So… you want to advocate for vulnerable workers in fashion supply chains, but you’re not sure how to start.

There’s no two-ways about it – from the outside, advocacy seems like a difficult thing to do. It can be intimidating to speak out about tough issues.

You might think that your one voice can’t make a difference. But in reality, as a consumer of clothing, your voice is essential for fashion companies to hear – otherwise, how will they know how to act?

When you decide to call for change you join an ever-growing community of people and organisations standing together, advocating for brands to do better by their workers.

Research by Monash University found that spending on ethically produced clothing has risen in Australia. More than 90% of Australian consumers want clothing companies to implement more sustainable practices and 70% are willing to pay more for clothing made in a way that didn’t infringe on the human rights of workers. (To see how the ethical fashion movement has grown, check out our article looking back through a Decade in Ethical Fashion.)

Immense progress has been made by some companies in response to changing consumer attitudes, but many issues remain. Less than 5% of companies surveyed for the 2019 Ethical Fashion Report pay their workers a living wage and less than 40% are transparent about where they source their products.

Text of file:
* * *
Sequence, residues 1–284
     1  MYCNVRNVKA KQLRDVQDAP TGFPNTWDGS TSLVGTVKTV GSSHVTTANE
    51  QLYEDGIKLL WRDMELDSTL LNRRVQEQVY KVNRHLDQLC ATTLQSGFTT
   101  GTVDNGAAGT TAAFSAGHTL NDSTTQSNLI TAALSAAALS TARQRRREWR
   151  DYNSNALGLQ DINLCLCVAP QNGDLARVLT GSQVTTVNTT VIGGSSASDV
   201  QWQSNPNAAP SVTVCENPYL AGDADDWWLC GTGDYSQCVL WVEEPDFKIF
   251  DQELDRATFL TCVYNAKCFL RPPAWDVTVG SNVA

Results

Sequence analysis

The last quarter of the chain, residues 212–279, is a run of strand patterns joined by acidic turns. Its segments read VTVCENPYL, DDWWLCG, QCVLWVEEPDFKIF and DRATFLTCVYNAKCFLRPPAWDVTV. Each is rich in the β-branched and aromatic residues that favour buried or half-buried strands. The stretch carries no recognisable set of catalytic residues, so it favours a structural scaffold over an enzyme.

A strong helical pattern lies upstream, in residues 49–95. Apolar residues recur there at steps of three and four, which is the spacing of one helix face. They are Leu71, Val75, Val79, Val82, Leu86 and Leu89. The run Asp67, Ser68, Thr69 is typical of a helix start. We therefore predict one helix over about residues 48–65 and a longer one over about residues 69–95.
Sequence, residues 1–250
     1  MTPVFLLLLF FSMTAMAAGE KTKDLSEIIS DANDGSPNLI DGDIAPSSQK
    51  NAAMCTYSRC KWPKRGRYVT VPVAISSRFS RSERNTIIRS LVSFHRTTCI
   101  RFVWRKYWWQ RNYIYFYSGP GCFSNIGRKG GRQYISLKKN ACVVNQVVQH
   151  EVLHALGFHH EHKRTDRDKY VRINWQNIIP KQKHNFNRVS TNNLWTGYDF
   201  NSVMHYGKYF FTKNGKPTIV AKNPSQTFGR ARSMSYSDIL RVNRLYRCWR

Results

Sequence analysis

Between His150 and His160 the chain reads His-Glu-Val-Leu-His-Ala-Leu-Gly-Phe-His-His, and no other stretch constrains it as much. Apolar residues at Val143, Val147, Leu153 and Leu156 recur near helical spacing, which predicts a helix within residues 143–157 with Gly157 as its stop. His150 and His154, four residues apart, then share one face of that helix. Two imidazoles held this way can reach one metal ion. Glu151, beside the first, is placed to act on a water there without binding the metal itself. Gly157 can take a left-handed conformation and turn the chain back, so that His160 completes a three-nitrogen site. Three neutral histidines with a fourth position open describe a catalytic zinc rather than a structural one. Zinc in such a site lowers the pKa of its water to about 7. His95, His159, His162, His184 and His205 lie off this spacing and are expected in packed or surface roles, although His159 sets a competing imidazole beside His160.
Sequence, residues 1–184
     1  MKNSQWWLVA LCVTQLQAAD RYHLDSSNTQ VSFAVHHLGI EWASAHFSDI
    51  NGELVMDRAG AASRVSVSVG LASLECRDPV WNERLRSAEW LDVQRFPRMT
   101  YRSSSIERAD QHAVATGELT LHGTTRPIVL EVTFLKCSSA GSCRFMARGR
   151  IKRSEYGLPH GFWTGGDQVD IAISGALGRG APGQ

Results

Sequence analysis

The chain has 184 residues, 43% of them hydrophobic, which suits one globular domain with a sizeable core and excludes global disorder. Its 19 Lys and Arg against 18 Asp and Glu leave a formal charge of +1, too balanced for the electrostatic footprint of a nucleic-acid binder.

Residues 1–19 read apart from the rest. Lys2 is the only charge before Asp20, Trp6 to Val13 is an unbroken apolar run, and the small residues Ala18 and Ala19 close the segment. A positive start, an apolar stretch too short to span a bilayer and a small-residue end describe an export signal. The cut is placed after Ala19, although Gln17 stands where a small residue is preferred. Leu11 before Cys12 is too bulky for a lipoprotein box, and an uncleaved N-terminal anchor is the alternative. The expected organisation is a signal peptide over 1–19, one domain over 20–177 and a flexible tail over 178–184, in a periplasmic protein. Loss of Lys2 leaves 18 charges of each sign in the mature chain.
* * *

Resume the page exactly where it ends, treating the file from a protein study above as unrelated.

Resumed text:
On top of this, the coronavirus pandemic has slowed progress towards improving labour rights in the fashion industry as companies shut their doors, cancel orders, and lay off staff. Millions of vulnerable garment workers are slipping into poverty.

More than ever before, we need you to lend your voice to this issue… and call on the brands you love to support their most vulnerable workers through the COVID Fashion Commitments.

Taking your first step into advocacy work can be much easier than it seems!

 

Your guide to advocating for vulnerable garment workers – start your advocacy journey today!

 

Educate Yourself

One of the scariest parts of putting yourself out there and advocating for an issue is feeling as though you’re out of your depth when speak about it. The best way to fix this is to read and learn as much as you can about the issue you want to advocate for.

Sign up for the 5-part series on important issues facing garment workers here.

Learning about an issue is a great way to pinpoint where and how you’ll be an effective advocate. Take the Coronavirus crisis: you want brands to support their most vulnerable workers… but in what way? You might want to gain an understanding of the COVID Fashion Commitments and use them as the basis for starting a conversation with a friend or brand. Or you might prefer to pick one issue discussed in The Commitments and advocate for it specifically.

You can find out more about the COVID Fashion Commitments here.

 

Share something with your community

The first step to advocating is telling someone else about the issue you’re advocating for and why it matters. You might tag a family member, friend, or colleague in a social media post about the experience of garment workers or bring it up on your next zoom meeting. When you go shopping with a friend, chat about your clothes purchasing habits and how you involve brand ethics into the decisions you make.